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Schulman v. Saloon Beverage, Inc.

United States District Court, D. Vermont

January 14, 2014

Norman H. Schulman, M.D., Susan Schulman, Plaintiffs,
Saloon Beverage, Inc. d/b/a Sirloin Saloon, DWH I, LLC, Susan Schulze-Claasen, Defendants

Page 502

For Norman H. Schulman, M.D., Susan Schulman, Plaintiffs: Michael J. Regan, Esq., Burlington, VT.

For Saloon Beverage, Inc., doing business as Sirloin Saloon, DWH I, LLC, Susan Schulze-Claasen, Defendants: Barbara E. Cory, Esq., Dinse, Knapp & McAndrew, P.C., Burlington, VT.


Page 503


(Doc. 15)

John M. Conroy, United States Magistrate Judge.

On July 3, 2013, Plaintiffs Norman H. Schulman, M.D. and Susan Schulman filed this action against the above-captioned Defendants under Vermont's Dram Shop Act (DSA), 7 V.S.A. § 501, and Vermont common law theories, alleging that Defendants' sale of intoxicating liquor to Mark R. Clarke caused the February 18, 2011 collision between the vehicle that Mr. Clarke was operating and the Plaintiffs' vehicle. (Docs. 1, 13.)[1] Plaintiffs allege that they were severely injured in the head-on collision and seek damages in the amount of $1 million, plus an award of punitive damages as well as interest and costs. (Doc. 13 at 6, 11.)

Defendants have filed a Motion for Judgment on the Pleadings pursuant to Fed.R.Civ.P. 12(c), asserting that Plaintiffs' DSA claim is barred by the two-year statute of limitations set forth at 7 V.S.A. § 501(d) and that Plaintiffs' common-law claims are preempted by the DSA. (Doc. 15.) All parties have consented to direct assignment to the undersigned Magistrate Judge. (Docs. 2, 3, 7.) On January 8, 2014, the Court heard oral argument on the Motion. For the reasons that follow, Defendants' Rule 12(c) Motion is GRANTED IN PART and DENIED IN PART.

Factual Background and Procedural History

Plaintiffs allege the following facts in their Amended Complaint. Throughout the day on February 18, 2011, Mark R. Clarke consumed alcohol while on a ski trip with friends at the Sugarbush Ski Resort. He consumed alcohol while on the ski lifts, and at the conclusion of skiing, he consumed alcohol at a saloon at the base of the ski resort and in the resort parking lot. He consumed at least one margarita and one more beer at a Mexican restaurant before beginning his trip back to Connecticut. On his way to Connecticut, Mr. Clarke stopped at the Sirloin Saloon in Manchester, Vermont. He sat at the bar alone, where he ate and drank three or four more beers. In the hours leading up to the time he entered the Sirloin Saloon, Mr. Clarke had consumed in excess of 20 beers and at least one margarita.

Mr. Clarke left the Sirloin Saloon, entered his vehicle, and continued driving south on U.S. Route 7. After traveling for less than ten miles, Mr. Clarke fell asleep behind the wheel of his vehicle, which, while traveling at approximately 55 miles per hour, moved into the northbound lane and collided head-on with Plaintiffs' vehicle. The collision occurred between 9 and 10 p.m. in the town of Sunderland, Vermont. Plaintiff Susan Schulman was operating the Plaintiffs' northbound vehicle, and her husband Norman Schulman was the passenger. Both Plaintiffs were severely injured as a result of the collision. Both Plaintiffs are citizens of New York.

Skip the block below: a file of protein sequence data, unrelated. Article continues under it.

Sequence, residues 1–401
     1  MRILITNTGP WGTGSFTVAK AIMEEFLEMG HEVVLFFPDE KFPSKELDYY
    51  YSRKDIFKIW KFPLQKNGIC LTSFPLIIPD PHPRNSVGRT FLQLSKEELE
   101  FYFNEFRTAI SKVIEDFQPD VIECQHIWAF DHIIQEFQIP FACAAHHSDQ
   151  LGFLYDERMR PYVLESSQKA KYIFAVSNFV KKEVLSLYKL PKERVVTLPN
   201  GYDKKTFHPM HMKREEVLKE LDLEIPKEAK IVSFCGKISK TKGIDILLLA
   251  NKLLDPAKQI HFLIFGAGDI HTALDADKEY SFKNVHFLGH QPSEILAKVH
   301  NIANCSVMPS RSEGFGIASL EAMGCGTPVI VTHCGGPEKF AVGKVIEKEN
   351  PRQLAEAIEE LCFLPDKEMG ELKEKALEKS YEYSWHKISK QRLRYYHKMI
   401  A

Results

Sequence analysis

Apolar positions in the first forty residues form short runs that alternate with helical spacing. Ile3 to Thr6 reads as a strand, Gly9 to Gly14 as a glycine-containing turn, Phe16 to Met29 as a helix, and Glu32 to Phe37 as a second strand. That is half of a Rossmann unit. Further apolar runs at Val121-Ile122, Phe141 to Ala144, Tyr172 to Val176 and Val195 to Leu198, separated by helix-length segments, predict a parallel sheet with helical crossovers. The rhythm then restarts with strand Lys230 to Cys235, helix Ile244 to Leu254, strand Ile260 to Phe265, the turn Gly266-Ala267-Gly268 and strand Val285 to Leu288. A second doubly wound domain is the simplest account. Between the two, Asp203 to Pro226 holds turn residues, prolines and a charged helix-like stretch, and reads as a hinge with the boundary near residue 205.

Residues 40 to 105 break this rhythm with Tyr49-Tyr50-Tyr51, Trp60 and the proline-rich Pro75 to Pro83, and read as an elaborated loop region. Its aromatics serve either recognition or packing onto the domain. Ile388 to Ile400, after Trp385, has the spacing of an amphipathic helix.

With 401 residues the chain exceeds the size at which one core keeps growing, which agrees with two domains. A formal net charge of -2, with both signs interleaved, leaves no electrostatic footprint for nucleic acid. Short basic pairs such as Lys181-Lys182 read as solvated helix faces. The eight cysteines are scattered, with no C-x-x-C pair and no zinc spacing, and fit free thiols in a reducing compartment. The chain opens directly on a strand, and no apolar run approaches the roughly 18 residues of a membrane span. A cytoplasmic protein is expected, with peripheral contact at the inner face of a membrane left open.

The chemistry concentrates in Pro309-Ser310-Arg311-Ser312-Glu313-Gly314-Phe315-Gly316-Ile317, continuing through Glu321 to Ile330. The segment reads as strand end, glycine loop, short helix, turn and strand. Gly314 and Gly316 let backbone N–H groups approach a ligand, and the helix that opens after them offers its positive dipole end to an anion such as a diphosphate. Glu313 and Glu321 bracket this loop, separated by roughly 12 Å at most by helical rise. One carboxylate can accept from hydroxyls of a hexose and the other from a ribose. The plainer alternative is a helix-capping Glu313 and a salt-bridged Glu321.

At all relevant times, Defendants DWH I, LLC (" DWH" ) and Saloon Beverage, Inc. (Saloon Beverage) conducted business as Sirloin Saloon. DWH was an Idaho limited liability company that owned 100% of the stock of Saloon Beverage. DWH created Saloon Beverage--a Vermont corporation--in order to procure a Vermont liquor license. Defendant Susan Schulze-

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Claasen, a California resident, was the President and sole owner of both DWH and Saloon Beverage, which she administered and operated as one company.

On April 21, 2011, Saloon Beverage and DWH both filed voluntary petitions under Chapter 11 in the United States Bankruptcy Court, District of Idaho. The petitions were converted to Chapter 7 on April 11, 2012. In September 2012, the Bankruptcy Court issued Orders granting Plaintiffs relief from the automatic stay imposed by 11 U.S.C. § 362(a) to commence action against Saloon Beverage and DWH. On February 8, 2013, Plaintiffs commenced an action in the New York State Supreme Court based upon the same operative facts that form the basis of the present action. ( See Doc. 20-2.) On June 17, 2013, the New York State Supreme Court dismissed the action based upon the lack of personal jurisdiction over the defendants. In June 2013, the Bankruptcy Court issued Orders closing the bankruptcy cases of Saloon Beverage and DWH. As noted above, Plaintiffs filed the present action in this Court on July 3, 2013.


I. Legal Standard and Applicable Law

Defendants have moved to dismiss pursuant to Rule 12(c) of the Federal Rules of Civil Procedure. Rule 12(c) provides that " [a]fter the pleadings are closed--but early enough not to delay trial--a party may move for judgment on the pleadings." Fed.R.Civ.P. 12(c). The standard for granting a Rule 12(c) motion for judgment on the pleadings is identical to that of a Rule 12(b)(6) motion to dismiss for failure to state a claim upon which relief may be granted. Cleveland v. Caplaw Enters., 448 F.3d 518, 521 (2d Cir. 2006). Accordingly, the Court accepts Plaintiffs' factual allegations as true and draws all inferences in their favor. Id. However, a claim will be dismissed where it fails to set forth sufficient facts to state a claim for relief that is " plausible on its face." Bell A. Corp. v. Twombly, 550 U.S. 544, 570, 127 S.Ct. 1955, 167 L.Ed.2d 929 (2007). Where the facts on the face of a complaint and ...

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